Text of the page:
“I have the nerve to walk my own way, however hard, in my search for reality, rather than climb upon the rattling wagon of wishful illusions.”
– Letter from Zora Neale Hurston to Countee Cullen
Zora Neale Hurston knew how to make an entrance. On May 1, 1925, at a literary awards dinner sponsored by Opportunity magazine, the earthy Harlem newcomer turned heads and raised eyebrows as she claimed four awards: a second-place fiction prize for her short story “Spunk,” a second-place award in drama for her play Color Struck, and two honorable mentions.
The names of the writers who beat out Hurston for first place that night would soon be forgotten. But the name of the second-place winner buzzed on tongues all night, and for days and years to come. Lest anyone forget her, Hurston made a wholly memorable entrance at a party following the awards dinner. She strode into the room–jammed with writers and arts patrons, black and white–and flung a long, richly colored scarf around her neck with dramatic flourish as she bellowed a reminder of the title of her winning play:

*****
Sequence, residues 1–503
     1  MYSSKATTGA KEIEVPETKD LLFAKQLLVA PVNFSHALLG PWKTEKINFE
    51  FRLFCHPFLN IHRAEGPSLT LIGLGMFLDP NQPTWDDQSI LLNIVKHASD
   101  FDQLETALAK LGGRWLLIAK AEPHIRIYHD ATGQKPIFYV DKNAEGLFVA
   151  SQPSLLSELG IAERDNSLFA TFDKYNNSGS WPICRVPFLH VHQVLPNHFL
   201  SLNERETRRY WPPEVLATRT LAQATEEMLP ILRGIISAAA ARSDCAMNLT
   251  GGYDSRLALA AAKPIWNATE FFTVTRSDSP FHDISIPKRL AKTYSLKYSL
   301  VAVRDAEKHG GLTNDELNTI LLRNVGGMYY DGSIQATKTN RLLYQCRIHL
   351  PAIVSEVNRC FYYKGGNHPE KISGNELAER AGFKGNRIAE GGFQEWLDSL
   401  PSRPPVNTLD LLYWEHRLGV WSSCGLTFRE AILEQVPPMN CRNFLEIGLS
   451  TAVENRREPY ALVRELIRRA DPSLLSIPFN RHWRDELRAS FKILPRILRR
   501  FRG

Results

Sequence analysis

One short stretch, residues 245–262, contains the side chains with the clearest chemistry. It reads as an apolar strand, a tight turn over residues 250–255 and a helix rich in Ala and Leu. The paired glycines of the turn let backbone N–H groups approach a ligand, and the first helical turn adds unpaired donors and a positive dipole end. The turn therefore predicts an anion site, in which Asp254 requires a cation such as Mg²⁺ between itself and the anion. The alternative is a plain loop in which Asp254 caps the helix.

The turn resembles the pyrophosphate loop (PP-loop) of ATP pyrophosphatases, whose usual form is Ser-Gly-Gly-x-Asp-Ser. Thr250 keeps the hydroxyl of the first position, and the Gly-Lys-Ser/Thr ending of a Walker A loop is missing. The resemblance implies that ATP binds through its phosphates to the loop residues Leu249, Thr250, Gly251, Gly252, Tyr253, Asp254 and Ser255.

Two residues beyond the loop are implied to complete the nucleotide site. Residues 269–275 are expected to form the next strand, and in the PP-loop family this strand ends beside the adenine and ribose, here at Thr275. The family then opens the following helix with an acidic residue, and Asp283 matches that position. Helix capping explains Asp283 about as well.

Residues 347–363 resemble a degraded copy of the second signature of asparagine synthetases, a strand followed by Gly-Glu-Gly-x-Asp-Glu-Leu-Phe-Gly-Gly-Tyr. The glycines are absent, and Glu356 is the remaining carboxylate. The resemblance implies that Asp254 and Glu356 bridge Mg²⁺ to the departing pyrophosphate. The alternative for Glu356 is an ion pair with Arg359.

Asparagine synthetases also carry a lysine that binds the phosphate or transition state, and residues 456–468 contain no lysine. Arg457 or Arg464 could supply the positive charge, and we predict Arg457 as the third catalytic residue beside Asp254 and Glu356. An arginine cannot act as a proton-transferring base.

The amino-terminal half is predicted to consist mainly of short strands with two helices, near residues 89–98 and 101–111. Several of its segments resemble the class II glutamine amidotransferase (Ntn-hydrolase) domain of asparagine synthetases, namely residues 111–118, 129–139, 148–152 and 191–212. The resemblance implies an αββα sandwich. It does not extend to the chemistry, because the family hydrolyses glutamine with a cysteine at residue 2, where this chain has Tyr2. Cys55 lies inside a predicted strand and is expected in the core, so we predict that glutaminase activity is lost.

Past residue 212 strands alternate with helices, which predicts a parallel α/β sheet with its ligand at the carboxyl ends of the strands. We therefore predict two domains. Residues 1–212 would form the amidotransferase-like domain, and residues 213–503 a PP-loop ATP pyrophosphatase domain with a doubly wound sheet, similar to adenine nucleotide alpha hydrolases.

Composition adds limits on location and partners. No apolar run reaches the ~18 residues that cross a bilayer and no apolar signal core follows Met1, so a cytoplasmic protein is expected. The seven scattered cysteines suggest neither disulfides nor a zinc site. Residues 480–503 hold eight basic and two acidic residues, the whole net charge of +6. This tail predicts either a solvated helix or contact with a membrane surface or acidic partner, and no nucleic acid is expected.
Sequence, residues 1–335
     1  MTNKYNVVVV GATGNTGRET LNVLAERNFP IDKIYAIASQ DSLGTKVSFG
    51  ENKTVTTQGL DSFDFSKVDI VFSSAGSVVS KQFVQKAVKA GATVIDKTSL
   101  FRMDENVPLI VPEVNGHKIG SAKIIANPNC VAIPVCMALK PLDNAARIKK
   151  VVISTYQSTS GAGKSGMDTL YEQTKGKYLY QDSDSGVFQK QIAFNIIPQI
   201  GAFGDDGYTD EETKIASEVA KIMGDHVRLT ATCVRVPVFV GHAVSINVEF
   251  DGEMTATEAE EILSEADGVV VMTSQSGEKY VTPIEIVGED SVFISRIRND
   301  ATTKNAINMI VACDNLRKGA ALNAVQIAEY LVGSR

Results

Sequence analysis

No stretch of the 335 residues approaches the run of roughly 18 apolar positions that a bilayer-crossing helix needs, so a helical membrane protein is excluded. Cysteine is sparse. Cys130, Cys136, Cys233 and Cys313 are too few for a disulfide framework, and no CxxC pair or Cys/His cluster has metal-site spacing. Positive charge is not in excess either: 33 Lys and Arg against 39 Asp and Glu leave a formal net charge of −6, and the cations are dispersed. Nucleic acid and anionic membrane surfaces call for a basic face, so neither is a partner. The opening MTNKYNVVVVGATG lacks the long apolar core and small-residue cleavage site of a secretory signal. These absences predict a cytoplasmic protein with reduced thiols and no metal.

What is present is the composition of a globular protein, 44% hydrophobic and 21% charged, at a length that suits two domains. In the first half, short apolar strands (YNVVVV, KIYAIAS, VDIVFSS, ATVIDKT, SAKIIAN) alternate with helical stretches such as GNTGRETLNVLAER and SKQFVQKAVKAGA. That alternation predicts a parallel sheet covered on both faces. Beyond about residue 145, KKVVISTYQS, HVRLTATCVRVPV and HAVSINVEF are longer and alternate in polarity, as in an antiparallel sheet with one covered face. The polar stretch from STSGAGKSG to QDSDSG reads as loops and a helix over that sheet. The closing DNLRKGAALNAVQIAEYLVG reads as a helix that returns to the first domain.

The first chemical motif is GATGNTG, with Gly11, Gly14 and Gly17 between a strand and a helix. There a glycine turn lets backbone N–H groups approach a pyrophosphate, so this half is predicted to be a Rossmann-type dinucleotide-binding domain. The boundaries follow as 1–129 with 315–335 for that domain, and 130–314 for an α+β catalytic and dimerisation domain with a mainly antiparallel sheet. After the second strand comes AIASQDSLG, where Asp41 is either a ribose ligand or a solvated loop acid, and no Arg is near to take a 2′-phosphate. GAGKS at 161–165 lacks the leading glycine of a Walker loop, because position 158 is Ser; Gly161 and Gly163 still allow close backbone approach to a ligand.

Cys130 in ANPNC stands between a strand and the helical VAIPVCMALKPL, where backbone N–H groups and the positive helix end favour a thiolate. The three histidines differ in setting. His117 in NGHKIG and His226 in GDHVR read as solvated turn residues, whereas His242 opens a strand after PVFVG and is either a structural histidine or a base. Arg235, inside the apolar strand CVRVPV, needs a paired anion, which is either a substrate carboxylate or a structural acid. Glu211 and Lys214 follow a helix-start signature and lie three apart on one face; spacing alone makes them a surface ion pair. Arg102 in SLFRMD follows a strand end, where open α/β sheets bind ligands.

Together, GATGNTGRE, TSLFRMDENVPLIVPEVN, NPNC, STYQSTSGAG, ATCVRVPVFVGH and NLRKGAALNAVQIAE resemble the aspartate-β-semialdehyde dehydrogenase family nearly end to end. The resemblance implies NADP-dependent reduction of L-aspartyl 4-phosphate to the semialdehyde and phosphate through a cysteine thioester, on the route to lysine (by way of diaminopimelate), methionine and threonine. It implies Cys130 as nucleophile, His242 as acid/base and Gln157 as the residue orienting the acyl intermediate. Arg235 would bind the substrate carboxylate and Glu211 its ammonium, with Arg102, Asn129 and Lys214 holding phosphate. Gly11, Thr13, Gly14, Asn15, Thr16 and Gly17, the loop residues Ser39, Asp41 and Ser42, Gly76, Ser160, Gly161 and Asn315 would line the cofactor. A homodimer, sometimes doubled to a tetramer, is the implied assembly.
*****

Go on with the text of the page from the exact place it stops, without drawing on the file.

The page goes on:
Her exultant entrance literally stopped the party for a moment, just as she had intended. In this way, Hurston made it known that a bright and powerful presence had arrived. By all accounts, Zora Neale Hurston could walk into a roomful of strangers and, a few minutes and a few stories later, leave them so completely charmed that they often found themselves offering to help her in any way they could…
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Brief video below by Crash Course on the great Ms. Hurston